The apparatus of U.S. Pat. No. 6,144,025 requires the first and second photodiodes to be relatively widely separated. The photodiodes can not, therefore, be formed as a joined pair of detectors and require individual placement and alignment. Also, the beam splitter and the optical band-pass filter have to be aligned with angular precision, because light incident on the second photodiode is reflected by the beam splitter and the optical band-pass filter. Small angular errors in the position of the beam splitter and the optical band-pass filter cause the beam to be displaced laterally at the locations of the first and second photodiodes. Additionally, the first and second photodiodes of the apparatus of U.S. Pat. No. 6,144,025 are separate and so are susceptible to the effects of ageing and temperature differences.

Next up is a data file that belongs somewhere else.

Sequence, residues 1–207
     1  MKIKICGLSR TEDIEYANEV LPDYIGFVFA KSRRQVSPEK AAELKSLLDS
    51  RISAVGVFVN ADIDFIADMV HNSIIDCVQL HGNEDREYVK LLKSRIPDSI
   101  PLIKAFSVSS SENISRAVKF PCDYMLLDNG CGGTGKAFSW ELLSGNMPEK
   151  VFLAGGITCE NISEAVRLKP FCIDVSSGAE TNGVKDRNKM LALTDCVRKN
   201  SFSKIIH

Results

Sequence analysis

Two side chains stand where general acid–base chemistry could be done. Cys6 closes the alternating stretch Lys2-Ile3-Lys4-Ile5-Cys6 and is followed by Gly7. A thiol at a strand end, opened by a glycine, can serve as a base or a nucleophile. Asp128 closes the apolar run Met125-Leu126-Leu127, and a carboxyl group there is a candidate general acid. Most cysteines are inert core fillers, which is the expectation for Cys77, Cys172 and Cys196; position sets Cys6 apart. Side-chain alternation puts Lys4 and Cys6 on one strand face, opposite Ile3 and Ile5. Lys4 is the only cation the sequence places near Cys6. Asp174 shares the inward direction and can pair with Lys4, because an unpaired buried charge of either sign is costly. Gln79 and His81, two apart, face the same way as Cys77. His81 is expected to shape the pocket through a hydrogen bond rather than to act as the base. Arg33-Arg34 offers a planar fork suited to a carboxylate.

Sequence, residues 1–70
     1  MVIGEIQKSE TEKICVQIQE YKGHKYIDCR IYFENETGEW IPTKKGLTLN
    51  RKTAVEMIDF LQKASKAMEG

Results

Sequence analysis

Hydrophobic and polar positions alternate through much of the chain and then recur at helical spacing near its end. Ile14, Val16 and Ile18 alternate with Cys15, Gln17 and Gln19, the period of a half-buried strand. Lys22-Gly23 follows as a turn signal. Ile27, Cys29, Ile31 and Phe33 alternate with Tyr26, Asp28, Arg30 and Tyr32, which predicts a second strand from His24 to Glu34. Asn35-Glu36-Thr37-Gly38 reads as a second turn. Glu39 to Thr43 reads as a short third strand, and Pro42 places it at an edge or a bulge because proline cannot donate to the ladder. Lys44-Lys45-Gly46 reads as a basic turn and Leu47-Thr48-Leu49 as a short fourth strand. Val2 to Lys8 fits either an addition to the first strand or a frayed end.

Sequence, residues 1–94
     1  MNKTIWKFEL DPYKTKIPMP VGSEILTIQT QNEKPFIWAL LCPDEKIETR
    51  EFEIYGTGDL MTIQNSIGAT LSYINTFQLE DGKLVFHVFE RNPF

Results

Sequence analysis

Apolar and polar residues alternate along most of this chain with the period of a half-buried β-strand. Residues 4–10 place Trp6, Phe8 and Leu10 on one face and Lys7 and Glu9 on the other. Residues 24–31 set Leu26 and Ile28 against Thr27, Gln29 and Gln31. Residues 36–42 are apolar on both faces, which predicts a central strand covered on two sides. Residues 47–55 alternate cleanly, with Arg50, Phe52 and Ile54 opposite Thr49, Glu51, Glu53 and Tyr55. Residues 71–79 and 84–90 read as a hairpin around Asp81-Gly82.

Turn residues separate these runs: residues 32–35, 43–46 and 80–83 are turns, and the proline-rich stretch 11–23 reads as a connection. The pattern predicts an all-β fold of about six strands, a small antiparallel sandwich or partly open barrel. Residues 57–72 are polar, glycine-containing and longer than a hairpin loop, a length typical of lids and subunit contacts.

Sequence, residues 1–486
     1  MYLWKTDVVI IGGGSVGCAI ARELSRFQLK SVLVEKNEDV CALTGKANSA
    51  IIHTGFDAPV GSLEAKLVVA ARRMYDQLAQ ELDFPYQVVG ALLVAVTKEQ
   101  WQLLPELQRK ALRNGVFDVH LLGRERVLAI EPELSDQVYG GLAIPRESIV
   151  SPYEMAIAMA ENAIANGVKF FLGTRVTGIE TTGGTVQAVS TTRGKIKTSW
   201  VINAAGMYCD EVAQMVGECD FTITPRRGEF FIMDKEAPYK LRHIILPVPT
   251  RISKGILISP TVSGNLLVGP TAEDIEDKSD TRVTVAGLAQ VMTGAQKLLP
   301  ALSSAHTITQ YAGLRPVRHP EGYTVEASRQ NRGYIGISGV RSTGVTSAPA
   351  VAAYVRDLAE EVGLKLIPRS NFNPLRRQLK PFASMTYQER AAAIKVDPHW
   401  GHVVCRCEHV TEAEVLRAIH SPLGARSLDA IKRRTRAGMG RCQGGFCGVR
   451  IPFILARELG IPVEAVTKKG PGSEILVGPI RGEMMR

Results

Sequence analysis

According to a first aspect of the present invention, an apparatus for monitoring a wavelength of optical electromagnetic radiation comprises: a first optical radiation detector disposed adjacent a second detector. A reflective component, positioned so the monitored radiation is incident on it, supplies first and second portions of the monitored radiation to the first and second detectors, respectively. A wavelength discriminator is in the path of the first beam to control the wavelength incident on the first detector. The reflective component is a bulk component having a first partially reflective surface for reflecting, when in use, the first portion of the electromagnetic radiation towards the first detector via the wavelength discriminator, and a second partially reflective surface for reflecting, when in use, the second portion of the electromagnetic radiation towards the second detector. The second partially reflective surface is substantially opposite the first partially reflective surface so that, for example, the first and second partially reflective surfaces are on opposite faces of the reflective component.